It’s common on social media to see a gorgeous image from the past with people sighing over it saying how much happier life was back then.
A photo like this one, for instance – a lady in a flowering meadow. The photo was taken in the 1950s.
The lady is smiling at the camera. And she’s pretty, and there are flowers all around her. Of course she’s happy, right?
We don’t know.
It’s important to keep two things separate:
1) The feelings a photo evokes.
2) The assumptions made about the world of the photo and the people in it.
A photo may stir up admiration, calmness, joy, nostalgia, an appreciation of beauty, a longing for something that’s missing in your life.
But what can you really say about the person in the photo? Was she happy? Possibly. It may be that she had a pretty good life overall. (No one is happy 100% of the time, but maybe she was generally contented and fulfilled in her life.) It’s also possible that she struggled with a great deal of misery. We really can’t say. The fact that she’s smiling in the meadow doesn’t tell us anything about her life outside the photo shoot.
Commenters responding to these photos often say something like, “Life was simpler back then.” Maybe in some ways. (Decades ago, people didn’t need to deal with a massive information overload from 24/7 media. They couldn’t use their phones to read an assortment of degrading comments from strangers and scroll through TV blooper compilations on YouTube late into the night.) But people in the 1950s still had their share of difficulties to contend with.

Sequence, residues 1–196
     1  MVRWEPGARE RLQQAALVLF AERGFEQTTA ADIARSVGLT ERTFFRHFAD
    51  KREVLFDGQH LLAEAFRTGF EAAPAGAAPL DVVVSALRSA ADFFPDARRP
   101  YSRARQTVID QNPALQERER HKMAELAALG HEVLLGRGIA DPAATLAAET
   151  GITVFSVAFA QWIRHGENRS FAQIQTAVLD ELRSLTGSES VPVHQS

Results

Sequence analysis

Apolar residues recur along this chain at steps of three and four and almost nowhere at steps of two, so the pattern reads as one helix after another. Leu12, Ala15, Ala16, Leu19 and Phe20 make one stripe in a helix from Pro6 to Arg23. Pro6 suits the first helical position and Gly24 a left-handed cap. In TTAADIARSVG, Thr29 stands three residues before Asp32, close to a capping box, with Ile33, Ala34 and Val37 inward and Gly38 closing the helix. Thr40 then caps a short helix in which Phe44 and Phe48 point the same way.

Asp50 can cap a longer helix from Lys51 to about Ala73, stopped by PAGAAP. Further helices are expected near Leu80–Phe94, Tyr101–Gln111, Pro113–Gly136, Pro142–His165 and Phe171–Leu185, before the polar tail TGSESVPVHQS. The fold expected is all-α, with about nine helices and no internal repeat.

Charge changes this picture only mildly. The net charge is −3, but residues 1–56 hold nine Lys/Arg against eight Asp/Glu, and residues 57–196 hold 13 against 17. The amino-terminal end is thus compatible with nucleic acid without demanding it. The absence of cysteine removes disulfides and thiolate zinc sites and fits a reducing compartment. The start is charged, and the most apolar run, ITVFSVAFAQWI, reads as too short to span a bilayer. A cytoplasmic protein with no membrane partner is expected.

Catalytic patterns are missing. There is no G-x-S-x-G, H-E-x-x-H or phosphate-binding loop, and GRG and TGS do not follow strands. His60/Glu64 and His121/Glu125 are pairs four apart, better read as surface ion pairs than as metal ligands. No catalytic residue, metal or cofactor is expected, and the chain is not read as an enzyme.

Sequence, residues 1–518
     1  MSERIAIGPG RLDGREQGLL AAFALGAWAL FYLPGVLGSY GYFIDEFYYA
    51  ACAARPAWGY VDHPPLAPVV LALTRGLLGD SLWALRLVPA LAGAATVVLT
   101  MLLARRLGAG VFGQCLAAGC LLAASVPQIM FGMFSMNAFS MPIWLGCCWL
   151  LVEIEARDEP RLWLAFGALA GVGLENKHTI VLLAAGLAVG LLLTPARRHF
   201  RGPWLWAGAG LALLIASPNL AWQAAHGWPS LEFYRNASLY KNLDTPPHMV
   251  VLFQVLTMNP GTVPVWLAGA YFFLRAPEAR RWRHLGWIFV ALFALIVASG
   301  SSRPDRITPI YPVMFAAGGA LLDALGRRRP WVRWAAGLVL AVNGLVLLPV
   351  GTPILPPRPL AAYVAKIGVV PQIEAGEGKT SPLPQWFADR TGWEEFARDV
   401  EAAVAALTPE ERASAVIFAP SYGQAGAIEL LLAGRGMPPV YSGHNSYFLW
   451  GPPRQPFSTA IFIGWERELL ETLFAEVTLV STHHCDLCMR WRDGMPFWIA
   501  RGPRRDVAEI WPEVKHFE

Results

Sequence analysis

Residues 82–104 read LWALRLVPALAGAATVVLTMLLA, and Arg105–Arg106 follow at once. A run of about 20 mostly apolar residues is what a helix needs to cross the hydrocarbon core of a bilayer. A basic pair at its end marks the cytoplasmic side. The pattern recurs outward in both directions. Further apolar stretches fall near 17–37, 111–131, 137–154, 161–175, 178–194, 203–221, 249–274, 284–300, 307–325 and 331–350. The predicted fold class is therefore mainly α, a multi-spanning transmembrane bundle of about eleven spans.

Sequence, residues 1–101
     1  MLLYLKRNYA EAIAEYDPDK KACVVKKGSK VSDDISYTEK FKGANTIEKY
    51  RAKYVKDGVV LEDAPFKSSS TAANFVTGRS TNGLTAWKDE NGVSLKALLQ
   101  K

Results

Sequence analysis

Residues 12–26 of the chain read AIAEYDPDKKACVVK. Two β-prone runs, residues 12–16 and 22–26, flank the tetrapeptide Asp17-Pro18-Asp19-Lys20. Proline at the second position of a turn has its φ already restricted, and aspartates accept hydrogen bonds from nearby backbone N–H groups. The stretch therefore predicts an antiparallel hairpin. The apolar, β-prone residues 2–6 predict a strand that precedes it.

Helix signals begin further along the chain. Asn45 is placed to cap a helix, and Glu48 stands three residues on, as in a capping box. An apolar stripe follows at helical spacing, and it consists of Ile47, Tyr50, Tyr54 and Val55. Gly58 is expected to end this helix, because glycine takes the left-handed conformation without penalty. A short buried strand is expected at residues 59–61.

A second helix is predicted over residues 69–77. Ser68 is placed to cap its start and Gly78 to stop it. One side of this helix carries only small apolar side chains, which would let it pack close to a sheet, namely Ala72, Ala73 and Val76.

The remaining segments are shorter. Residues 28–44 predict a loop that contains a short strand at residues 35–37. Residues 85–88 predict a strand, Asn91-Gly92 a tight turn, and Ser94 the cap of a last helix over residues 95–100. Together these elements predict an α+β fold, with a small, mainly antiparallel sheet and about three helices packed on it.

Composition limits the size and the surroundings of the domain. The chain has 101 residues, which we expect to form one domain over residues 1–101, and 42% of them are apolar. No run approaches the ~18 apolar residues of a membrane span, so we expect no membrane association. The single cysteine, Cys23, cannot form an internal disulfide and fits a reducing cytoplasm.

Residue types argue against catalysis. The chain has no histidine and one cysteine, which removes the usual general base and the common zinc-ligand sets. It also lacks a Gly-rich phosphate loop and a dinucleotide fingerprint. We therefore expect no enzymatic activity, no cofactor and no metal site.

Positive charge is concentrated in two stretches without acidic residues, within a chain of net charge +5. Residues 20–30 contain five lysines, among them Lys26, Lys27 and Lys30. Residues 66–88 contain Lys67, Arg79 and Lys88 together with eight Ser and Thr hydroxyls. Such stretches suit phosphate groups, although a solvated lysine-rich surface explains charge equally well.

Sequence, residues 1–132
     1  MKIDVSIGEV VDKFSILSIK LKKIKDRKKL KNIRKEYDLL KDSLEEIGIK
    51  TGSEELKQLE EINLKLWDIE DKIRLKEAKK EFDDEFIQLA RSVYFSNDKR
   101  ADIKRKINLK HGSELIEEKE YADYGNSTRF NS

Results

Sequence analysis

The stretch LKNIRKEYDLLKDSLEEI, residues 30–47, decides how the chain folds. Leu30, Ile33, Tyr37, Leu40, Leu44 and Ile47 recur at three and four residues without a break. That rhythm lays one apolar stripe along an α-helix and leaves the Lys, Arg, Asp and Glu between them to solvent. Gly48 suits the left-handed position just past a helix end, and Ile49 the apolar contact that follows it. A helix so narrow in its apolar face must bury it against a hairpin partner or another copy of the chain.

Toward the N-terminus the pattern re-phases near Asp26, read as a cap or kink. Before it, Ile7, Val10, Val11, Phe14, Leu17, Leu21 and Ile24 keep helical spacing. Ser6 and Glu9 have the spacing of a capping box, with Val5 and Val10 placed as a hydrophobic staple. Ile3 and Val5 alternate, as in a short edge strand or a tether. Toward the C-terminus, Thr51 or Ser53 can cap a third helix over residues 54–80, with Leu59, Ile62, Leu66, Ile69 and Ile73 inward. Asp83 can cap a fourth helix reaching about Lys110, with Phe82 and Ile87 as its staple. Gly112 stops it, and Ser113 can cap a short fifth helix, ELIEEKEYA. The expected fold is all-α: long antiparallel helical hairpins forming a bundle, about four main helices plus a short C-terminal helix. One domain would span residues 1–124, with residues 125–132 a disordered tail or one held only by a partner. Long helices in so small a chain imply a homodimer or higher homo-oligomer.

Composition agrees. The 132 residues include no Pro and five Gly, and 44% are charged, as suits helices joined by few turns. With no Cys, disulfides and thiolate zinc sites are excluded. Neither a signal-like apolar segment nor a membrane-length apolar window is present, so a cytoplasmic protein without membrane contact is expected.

In any case, it’s important to keep separating the feelings that the photo evokes from what it actually shows us.
Photos may give us some clues about a person’s life, such as social class. But what the photo can tell us about the quality of that life and its joys and sorrows is much more limited.
A similar principle applies to current photos. Sites like Instagram are awash in photos of people having fun and doing awesome things. While scrolling through these photos, you may feel a mix of emotions, from longing to envy to FOMO (fear of missing out).
Maybe you also make assumptions about the people in the photos. A woman appears in one of these images smiling at a party. She’s holding a drink up, as if she’s toasting the camera. Clearly, she’s happy? Popular? Well-liked?
Maybe yes to all of those things. Or, maybe no. It could be she feels alone while surrounded by people. She may be enduring some private misery. Even people going through a terrible time often smile at a camera, because it’s the expected thing to do. What does a fleeting smile really tell us?